Kamehameha Children’s Chorus visits Waimea for a free concert
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Music lovers of all ages in North Hawaii are in for a rare treat – for the first time in almost 20 years, the Kamehameha Children’s Chorus from Oahu will perform a free concert in Waimea at Kahilu Theatre at 6 p.m. on Tuesday, March 26 hosted by the Mana Christian Ohana.
The chorus, under the direction of Lynell Bright, will perform a wide variety of music and dance - Hawaiian, Broadway, classical and contemporary – including music honoring King David Kalakaua.
The group of about 100 student performers, ranging in age from 9 to 12 years old, has performed throughout the world, including Japan, New Zealand, and throughout the mainland.
“It is so wonderful to learn from the different cultures and share our music with them,” Bright said. “It has been a blessing.”
Bright, who has been directing the choir for 24 years, said the recently retired president of Kamehameha Schools, Dr. Michael Chun, now lives in Waimea and invited the choir to perform here.
She said she also had an invitation from the Kamehameha Schools Keaau campus to visit, so they arranged the trip during their Spring Break.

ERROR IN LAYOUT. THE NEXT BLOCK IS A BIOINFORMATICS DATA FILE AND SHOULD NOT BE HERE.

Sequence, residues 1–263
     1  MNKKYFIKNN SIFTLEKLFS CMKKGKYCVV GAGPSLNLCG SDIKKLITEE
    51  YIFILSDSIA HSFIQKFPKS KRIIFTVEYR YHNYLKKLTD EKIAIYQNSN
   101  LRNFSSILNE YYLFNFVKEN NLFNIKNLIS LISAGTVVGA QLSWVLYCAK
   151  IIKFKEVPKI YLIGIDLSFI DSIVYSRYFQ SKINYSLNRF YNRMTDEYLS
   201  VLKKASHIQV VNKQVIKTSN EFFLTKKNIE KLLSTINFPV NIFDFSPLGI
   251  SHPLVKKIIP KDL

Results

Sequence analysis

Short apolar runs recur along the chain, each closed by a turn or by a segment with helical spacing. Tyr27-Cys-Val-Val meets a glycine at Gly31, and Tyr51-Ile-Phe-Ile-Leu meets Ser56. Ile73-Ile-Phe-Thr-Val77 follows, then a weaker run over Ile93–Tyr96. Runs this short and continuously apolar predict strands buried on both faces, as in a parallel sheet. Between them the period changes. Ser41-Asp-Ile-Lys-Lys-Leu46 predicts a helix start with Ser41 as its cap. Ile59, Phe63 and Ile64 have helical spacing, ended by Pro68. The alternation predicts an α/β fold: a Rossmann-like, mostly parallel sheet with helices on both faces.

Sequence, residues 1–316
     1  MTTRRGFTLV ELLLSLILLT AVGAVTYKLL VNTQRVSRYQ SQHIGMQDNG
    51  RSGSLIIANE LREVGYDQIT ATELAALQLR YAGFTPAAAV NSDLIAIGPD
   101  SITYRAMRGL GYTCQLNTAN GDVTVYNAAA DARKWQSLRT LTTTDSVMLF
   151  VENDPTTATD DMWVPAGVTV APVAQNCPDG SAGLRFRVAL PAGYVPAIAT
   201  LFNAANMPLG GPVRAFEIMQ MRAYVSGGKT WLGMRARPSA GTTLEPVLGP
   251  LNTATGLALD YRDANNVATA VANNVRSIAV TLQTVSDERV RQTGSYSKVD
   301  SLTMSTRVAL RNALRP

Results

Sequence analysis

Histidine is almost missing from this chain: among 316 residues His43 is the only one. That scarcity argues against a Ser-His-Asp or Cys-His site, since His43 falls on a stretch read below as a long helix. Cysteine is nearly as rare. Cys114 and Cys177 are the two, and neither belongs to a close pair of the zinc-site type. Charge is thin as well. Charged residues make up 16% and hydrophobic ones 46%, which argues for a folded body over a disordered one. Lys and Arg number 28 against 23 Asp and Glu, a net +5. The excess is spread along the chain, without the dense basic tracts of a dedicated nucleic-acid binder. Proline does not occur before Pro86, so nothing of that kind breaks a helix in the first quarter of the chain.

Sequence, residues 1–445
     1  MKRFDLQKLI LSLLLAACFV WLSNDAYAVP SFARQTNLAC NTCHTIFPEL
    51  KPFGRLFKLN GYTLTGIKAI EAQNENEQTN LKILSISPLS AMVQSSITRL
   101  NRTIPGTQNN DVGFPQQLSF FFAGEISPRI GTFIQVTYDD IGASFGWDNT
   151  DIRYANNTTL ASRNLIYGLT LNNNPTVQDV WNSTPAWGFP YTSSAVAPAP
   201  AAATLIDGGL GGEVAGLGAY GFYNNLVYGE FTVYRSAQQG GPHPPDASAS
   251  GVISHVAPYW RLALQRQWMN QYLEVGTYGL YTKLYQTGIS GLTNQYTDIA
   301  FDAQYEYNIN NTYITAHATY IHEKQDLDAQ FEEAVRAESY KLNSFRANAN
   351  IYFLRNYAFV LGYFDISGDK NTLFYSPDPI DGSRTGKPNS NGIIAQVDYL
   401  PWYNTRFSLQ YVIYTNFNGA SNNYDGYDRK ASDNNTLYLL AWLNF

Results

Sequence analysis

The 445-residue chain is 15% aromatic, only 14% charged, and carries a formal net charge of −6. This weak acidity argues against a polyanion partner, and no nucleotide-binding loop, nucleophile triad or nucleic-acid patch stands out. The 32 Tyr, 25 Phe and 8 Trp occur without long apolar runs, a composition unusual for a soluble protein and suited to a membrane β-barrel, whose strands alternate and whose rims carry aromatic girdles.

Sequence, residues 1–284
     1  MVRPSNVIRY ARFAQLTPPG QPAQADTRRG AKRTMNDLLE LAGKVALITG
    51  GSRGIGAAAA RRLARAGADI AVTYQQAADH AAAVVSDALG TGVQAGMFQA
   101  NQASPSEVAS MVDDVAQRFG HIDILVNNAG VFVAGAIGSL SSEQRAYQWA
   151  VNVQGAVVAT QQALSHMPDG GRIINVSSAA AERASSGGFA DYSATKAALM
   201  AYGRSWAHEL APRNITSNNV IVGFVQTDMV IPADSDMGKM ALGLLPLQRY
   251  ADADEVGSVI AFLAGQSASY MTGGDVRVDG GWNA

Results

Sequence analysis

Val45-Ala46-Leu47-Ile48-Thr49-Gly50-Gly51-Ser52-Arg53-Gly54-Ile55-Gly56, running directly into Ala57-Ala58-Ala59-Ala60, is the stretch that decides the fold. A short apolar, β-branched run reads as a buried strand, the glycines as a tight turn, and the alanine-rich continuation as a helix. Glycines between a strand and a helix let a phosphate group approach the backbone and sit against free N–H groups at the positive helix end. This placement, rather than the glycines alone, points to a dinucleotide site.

“It has been a while since we have been there – 20 years or so,” Bright said. “The kids are excited.”
In addition to their world travels, the students also use their talents to offer community service concerts, especially to groups that help children and families in need, including the Kapiolani Medical Center for Women and Children in Honolulu and for terminally ill patients in the HUGS program.
“I think the mission we have, no matter where we are, is we want to be able to share our music and our culture through our song and dance,” she said.
The group’s experiences include performing with Celine Dion and at the world premiere of “Lilo and Stitch.” They have also released several CDs, including their most recent, “Na Pua Lei A Pauahi,” in Dec. 2009.
“It doesn’t matter where we are, there are always (new) people to meet and to learn from,” she said. “ … And we touch people with our music. Whether in Japan or New York, it is an opportunity for us to share our aloha, and our mele.”
Bright said that one of the more memorable trips during her 24 years as their director was when they traveled to New York City and performed for the New York City Fire Department at their headquarters, a group who had lost many of their fire fighters on Sept. 11, 2001.
Bright said when the young students sing, it touches listeners emotionally in ways an adult group cannot.
“It has been a great journey,” Bright said. “It has been a great opportunity to bring healing in ways you don’t even know.”